McAdam’s road building technology was applied to roads by other engineers. One of these engineers was Richard Edgeworth, who filled the gaps between the surface stones with a mixture of stone dust and water, providing a smoother surface for the increased traffic using the roads. This basic method of construction is sometimes known as water-bound macadam. Although this method required a great deal of manual labor, it resulted in a strong and free-draining pavement. Roads constructed in this manner were described as “macadamized.”
New Macadam Road construction at McRoberts, Kentucky: pouring tar, August 28, 1926.
With the advent of motor vehicles, dust became a serious problem on macadam roads. The area of low air pressure created under fast-moving vehicles sucked dust from the road surface, creating dust clouds and a gradual unraveling of the road material. This problem was approached by spraying tar on the surface to create tar-bound macadam. On March 13, 1902 in Monaco, a Swiss doctor, Ernest Guglielminetti, came upon the idea of using tar from Monaco’s Gasworks for binding the dust. Later a mixture of coal tar and ironworks slag, patented by Edgar Purnell Hooley as tarmac, was introduced.
A more durable road surface (modern mixed asphalt pavement) sometimes referred to in the US as blacktop, was introduced in the 1920s. This pavement method mixed the aggregates into the asphalt with the binding material before they were laid. The macadam surface method laid the stone and sand aggregates on the road and then sprayed it with the binding material. While macadam roads have now been resurfaced in most developed countries, some are preserved along stretches of roads such as the United States‘ National Road.
Because of the historic use of macadam as a road surface, roads in some parts of the United States (as parts of Pennsylvania) are often referred to as macadam, even though they might be made of asphalt or concrete. Similarly, the term “tarmac” is sometimes colloquially misapplied to asphalt roads or aircraft runways.
Jump up^Lay, Maxwell G (1992), Ways of the World: A History of the World’s Roads and of the Vehicles That Used Them, New Brunswick, N.J.: Rutgers University Press, p. 73, ISBN 0-8135-1758-3, retrieved 18 June 2010 Paperback ISBN 0-8135-2691-4
- ^ Jump up to:ab Lay (1992), p.73
- Jump up^Smiles, Samuel (1867). The Life of Thomas Telford, Civil Engineer. London: John Murray. p. 331. Retrieved 27 September 2011.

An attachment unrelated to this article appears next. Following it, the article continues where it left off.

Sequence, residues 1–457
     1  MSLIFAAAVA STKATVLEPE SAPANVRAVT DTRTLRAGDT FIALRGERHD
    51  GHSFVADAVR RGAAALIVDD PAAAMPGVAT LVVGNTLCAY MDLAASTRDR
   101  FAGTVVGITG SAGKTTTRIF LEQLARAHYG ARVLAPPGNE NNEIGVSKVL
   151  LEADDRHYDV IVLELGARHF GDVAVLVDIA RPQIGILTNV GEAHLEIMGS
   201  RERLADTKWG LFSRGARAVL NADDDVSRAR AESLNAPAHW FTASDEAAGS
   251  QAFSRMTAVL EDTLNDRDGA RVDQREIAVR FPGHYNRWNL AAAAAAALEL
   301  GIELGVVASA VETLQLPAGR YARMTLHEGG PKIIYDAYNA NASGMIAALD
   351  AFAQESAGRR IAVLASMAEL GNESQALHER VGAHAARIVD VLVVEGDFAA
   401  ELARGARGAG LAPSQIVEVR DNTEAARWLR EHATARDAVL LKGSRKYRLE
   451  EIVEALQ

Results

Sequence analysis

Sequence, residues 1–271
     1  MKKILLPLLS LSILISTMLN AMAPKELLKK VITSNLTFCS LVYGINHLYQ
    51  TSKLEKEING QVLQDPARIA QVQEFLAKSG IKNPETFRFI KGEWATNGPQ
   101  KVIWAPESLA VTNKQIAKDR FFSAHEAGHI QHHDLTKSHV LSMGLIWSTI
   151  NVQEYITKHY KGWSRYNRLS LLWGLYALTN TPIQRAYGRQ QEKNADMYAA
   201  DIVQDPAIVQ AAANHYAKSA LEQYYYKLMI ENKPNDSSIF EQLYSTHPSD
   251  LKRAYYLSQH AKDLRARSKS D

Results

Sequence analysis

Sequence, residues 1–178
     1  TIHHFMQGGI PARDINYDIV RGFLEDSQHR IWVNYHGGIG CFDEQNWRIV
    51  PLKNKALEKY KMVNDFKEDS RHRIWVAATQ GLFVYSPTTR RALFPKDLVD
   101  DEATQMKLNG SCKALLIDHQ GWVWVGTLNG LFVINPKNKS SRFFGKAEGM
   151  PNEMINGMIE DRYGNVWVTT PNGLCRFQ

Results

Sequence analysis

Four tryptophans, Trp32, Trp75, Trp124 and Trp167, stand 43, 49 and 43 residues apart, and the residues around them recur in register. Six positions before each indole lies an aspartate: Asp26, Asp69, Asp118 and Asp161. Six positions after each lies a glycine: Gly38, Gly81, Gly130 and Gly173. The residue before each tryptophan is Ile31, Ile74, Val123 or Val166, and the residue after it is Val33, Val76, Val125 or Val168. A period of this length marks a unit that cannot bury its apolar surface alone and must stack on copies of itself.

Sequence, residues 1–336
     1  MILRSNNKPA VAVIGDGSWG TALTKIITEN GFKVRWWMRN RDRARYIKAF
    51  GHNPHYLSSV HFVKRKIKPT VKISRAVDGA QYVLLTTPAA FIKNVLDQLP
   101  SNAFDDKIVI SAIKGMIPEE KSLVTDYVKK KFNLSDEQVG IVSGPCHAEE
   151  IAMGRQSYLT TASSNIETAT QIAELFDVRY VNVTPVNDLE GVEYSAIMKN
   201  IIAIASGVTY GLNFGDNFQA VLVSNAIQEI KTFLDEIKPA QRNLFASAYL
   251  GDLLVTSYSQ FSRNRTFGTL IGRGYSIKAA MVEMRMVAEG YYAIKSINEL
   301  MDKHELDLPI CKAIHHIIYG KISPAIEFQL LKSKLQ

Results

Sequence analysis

- ^ Jump up to:ab Lay (1992), p.74, 75
- Jump up^British Museum, Engraving by Charles Turner
- ^ Jump up to:ab c W. Skempton (2002). A Biographical Dictionary of Civil Engineers in Great Britain and Ireland: 1500-1830. p.416. Thomas Telford, 2002
- Jump up^McAdam, John Loudon (1824), Remarks on the Present System of Road Making; With Observations, Deduced from Practice and Experience (8th ed.), London: Longman, Hurst, Rees, Orme, and Brown, Paternobter Row, retrieved26 September 2011
- Jump up^Photograph of Macadam Road, Nicolaus (Calif.), ca. 1850s, California Digital Library, retrieved 18 June 2010 Contributing institution: Sutter County Library
- Jump up^Craig, David, “The Colossus of Roads”, Palimpsest, Strum.co.uk, retrieved18 June 2010
- Jump up^McAdam (1824), p.38, 39-40 & 41
- Jump up^Lay (1992), pp.76-77
- Jump up^“1823 – First American Macadam Road” (Painting – Carl Rakeman) US Department of Transportation – Federal Highway Administration (Accessed 2008-10-10)
- ^ Jump up to:ab c “John Loudon MacAdam”, Significant Scots, ElectricScotland.com, retrieved 19 June 2010
- Jump up^O’Flaherty, Coleman A (2002), Highways: the Location, Design, Construction and Maintenance of Road Pavements (4th ed.), Woburn, MA: Butterworth-Heinemann, p. 228, ISBN 0-7506-5090-7, retrieved 18 June 2010
- ^ Jump up to:ab John Loudon McAdam, bruzzone.org, retrieved 18 June 2010
- Jump up^SI Neg. CCC-2777. Date: 8/28/1926 Consolidation Coal Company collection, National Museum of American History (Smithsonian Institution), Likely Public Domain–http://creativecommons.org/ns#” about=”https://www.flickr.com/photos/publicresourceorg/493732415“> attributionURL https://www.flickr.com/photos/publicresourceorg/https://www.flickr.com/photos/publicresourceorg/ “license ref=http://creativecommons.org/licenses/by/2.0/
- Jump up^Claudy, C.H. “The Right Road—and Why,” The Independent, New York, Volume 99, July, August, September 1919, 228. Retrieved on 2009-11-3.
- Jump up^“History of asphalt road construction – Tar road construction”. Retrieved31 July 2013.
- Jump up^Cavette, Chris, “Asphalt Paver”, eNotes, retrieved 19 June 2010
- Jump up^Stephen T. Muench, Joe P. Mahoney, Linda M. Pierce et al., “History”, in .,WSDOT Pavement Guide, Washington State Department of Transportation, p. 2 in Module 1: Welcome and Introduction, retrieved 19 June 2010